Wednesday, 22 September 2010


I like pasta, a lot. My wife she no likey the pasta so much. What to do? For one, I admit that the way I cook pasta is the standard American half-assed way to cook it. So, having one of the better chefs in the area at my disposal, I asked him how I might improve my success with this most basic of staples.

His first piece of advice was to make my own sauce, but that takes a lot of time. So I'll do that, and then store it in jars for later use, but I didn't have the chance to do that last night. His next mainframe point was that the water should be salty. As in salty as shit. I usually put a few pinches of salt in the water. No. Tablespoons - multiple - is the answer. Think "brine". Next is that 95% of pasta is ruined by overcooking. More on this later.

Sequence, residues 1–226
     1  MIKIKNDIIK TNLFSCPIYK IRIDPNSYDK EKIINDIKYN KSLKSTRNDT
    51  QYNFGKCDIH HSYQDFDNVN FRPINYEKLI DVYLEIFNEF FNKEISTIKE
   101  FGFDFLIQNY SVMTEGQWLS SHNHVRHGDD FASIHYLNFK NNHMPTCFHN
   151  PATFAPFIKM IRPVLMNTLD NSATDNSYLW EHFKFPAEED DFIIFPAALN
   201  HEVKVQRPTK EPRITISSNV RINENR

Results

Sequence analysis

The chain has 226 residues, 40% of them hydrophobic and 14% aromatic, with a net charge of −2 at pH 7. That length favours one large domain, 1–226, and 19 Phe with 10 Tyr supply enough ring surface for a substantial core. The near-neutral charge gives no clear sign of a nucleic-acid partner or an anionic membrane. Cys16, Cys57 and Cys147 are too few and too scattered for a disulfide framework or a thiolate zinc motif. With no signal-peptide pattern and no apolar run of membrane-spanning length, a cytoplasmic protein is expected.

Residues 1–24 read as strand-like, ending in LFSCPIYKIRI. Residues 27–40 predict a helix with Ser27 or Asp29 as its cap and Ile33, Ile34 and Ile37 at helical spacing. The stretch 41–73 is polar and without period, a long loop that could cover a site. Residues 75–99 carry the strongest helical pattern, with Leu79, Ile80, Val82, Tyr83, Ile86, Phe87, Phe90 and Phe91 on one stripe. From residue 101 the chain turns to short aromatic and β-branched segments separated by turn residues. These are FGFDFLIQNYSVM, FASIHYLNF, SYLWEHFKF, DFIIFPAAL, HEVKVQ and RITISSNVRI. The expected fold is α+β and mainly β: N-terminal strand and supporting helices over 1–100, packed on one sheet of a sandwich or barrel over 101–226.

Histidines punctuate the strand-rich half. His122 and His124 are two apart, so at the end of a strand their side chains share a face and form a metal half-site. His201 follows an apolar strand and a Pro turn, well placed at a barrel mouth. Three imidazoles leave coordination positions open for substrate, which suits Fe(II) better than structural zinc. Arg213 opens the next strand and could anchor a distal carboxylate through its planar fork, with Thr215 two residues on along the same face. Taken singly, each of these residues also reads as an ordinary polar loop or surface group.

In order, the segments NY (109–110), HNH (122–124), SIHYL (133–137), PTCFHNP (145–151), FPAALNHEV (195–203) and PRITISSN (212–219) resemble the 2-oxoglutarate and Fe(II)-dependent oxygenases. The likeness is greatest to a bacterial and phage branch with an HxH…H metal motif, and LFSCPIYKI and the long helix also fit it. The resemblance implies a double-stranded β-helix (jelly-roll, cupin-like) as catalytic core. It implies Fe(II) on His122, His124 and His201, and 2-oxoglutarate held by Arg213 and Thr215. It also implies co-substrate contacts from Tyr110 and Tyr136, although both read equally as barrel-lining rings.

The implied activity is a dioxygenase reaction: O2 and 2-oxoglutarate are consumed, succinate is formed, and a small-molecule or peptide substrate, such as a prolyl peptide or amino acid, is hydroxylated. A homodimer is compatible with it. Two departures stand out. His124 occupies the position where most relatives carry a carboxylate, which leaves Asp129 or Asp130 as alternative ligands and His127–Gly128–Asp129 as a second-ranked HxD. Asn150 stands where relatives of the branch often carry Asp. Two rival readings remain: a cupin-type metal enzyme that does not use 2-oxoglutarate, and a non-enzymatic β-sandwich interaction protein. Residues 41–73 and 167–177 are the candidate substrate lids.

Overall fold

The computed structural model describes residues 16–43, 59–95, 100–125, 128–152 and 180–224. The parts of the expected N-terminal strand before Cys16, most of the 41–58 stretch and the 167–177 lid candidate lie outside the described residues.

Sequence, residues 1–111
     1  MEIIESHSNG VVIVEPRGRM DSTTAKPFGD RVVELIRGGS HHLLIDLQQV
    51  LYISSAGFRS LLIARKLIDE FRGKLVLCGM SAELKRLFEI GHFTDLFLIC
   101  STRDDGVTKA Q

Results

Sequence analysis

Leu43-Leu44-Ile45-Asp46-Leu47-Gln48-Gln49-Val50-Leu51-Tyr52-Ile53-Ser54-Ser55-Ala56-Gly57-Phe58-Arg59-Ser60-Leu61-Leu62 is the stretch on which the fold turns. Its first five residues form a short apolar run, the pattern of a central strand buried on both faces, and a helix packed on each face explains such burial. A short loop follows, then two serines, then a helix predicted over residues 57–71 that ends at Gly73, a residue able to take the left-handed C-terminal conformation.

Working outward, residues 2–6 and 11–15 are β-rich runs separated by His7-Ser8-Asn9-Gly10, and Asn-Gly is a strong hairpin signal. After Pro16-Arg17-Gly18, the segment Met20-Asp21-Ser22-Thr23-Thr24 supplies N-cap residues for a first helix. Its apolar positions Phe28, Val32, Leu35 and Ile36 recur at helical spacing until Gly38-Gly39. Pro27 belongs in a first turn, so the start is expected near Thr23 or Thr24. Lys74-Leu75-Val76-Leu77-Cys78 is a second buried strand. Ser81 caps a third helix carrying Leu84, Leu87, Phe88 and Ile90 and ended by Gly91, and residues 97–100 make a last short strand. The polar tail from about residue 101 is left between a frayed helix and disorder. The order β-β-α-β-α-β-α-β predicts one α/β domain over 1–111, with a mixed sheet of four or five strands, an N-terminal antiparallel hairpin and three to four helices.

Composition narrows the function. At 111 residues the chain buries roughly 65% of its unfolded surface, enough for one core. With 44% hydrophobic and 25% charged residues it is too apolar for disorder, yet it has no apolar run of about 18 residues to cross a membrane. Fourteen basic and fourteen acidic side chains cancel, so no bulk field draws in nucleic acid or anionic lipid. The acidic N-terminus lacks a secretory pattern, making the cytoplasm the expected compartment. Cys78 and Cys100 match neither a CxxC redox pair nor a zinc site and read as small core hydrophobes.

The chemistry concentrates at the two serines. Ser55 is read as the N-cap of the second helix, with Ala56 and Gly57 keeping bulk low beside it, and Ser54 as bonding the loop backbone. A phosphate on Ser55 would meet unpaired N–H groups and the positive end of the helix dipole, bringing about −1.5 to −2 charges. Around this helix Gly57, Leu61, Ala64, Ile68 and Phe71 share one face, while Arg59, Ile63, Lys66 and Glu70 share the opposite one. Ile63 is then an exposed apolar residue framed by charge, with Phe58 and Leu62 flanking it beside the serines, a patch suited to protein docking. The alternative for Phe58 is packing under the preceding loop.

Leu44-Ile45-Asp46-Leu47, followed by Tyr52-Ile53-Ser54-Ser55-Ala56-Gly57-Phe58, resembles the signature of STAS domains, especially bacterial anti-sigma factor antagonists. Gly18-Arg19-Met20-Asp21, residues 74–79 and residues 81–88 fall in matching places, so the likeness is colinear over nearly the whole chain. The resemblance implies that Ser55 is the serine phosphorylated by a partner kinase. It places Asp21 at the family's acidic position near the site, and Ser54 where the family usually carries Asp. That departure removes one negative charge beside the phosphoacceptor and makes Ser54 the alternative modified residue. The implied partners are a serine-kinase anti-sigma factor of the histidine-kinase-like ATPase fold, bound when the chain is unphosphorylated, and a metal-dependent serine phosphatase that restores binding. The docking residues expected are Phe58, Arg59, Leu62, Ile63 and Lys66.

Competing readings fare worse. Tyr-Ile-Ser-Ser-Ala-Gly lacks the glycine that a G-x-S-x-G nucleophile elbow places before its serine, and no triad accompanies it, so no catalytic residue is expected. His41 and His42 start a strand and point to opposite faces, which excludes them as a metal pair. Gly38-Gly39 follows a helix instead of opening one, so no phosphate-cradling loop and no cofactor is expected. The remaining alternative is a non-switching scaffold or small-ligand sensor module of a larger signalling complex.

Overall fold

The sauce needs to be cooked in a pot, and the pot should be reasonably large. More on this later as well. Start by heating some oil in said pot, and then adding a generous amount of fresh minced garlic. He likes garlic, but not a crazy amount. The heat should be low at this point, otherwise the garlic will caramelize prematurely. When the garlic starts to cook, add in your sauce (if you are making your sauce, this is where you start doing so). Again, low heat. Stir often and season to suit. Seasoning during cooking is better than seasoning all at once at the end. Fresh oregano is great, but I'm a philistine I guess. We are trying to make a nice dinner here, not open a noodle shop.